Walking into the small alleys, here's the first workshop, sewing machines. It took me some time to meter this show, trying to balance the strong backlighting with the shadows inside the shop. And this is the reason I prefer film, you can control the contrast by development and prevent blown highlights.  

One of the thing I like about this market (and markets in Korea in general) are all these transport Daelim bikes. 

 ... And sometimes there are the more discrete fuel-saving ones too...

Or these ones that look like those human transporter in smaller towns in China.

Here's a hybrid Daelim.

Or a human powered pull-carts. I guess they just leave them on Sundays since no one will steal them.

Motor envy

Stairway to nowhere

Lets have a look at the alleys. There are the occasional pedestrian or dogs and cats, but otherwise it is quiet as hell

I believe that this restaurant was opened when I passed by. Usually places like these have the best food, but I was not hungry at the time. 

I think I know what they make here...

Here's one area with a jumble of signboards

I took this obligatory bokeh shot. The 24mm Elmarit ASPH does a nice job at it. In the background, some sign of humanity. 

I like machine shops. They bring the feeling of being in the industrial age. That could be the reason I almost always look for them to photograph

Discarded machine parts litter this alley way close to the stream up north of the original map on this post. They could be spare parts. 

More parts...

More parts...

Here's a guy that's working overtime in his workshop.

The deeper you go into the alleys, the more one-man workshop you will find. I don't know what this one does, it looks like a jewellery workbench.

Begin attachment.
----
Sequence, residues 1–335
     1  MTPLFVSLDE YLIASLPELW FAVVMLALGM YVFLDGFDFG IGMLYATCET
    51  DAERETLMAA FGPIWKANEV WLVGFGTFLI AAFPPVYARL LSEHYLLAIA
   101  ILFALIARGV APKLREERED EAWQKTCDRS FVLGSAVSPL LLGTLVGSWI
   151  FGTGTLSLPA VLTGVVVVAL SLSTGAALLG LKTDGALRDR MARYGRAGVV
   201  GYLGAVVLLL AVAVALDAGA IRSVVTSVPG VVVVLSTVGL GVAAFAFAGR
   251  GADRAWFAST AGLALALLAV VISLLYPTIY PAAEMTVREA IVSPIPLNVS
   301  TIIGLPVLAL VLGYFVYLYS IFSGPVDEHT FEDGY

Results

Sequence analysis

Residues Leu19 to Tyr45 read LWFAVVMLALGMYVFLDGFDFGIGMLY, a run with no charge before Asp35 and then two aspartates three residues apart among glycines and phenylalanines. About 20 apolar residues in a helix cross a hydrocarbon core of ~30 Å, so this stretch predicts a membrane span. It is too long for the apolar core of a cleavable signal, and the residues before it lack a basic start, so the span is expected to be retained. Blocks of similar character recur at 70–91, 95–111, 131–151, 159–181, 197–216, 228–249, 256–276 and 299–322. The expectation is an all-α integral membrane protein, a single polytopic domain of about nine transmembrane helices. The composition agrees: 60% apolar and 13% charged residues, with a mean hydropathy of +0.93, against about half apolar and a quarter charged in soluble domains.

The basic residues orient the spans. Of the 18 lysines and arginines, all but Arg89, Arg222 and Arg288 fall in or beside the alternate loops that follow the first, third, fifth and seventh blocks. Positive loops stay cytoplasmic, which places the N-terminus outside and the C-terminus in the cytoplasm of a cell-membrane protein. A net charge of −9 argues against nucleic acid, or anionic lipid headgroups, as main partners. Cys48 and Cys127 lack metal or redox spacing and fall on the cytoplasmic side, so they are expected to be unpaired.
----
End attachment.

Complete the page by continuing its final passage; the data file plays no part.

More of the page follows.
I think I'll end right here. There are no real order to the photos, I just put them all here. I will probably have enough photos to do an essay one day, but the trickiest part is to think of a topic to write about. Dongdaemun...  

From Seoul Land to Jamsil, the hard way

The route is simple. The easy way is to take the subway, and according to an online calculator, it takes 30mins and 1250Won and you feel lethargic and unhealthy after the trip. Let me show you another way, about 6 hours, free apart from some bananas, powerbars and 2 litres of water and plenty of patience. In return you will get some nice sceneries and fresh air. With all the nice mountains around Seoul, there's no excuse not to do it the old fashion way. ​

​Other more reputable sites will tell you what is in Seoul Land. I've only been to the zoo and only because it was free that day. Will it be a surprise if I said there are animals there? In confined spaces. With plenty of noisy kids. Discovering that there are no birds to fling on catapults. So collect yourself at the carpark, run up Cheonggyesan 청계산 due east, come down where Dallaenae-ro 달래내로 meets the expressway, and then crossing some shops and farms, proceed up the second mountain Inneungsan 인릉산 and end up somewhere in Seongnam, close to the airbase and then run along the river up north to Jamsil.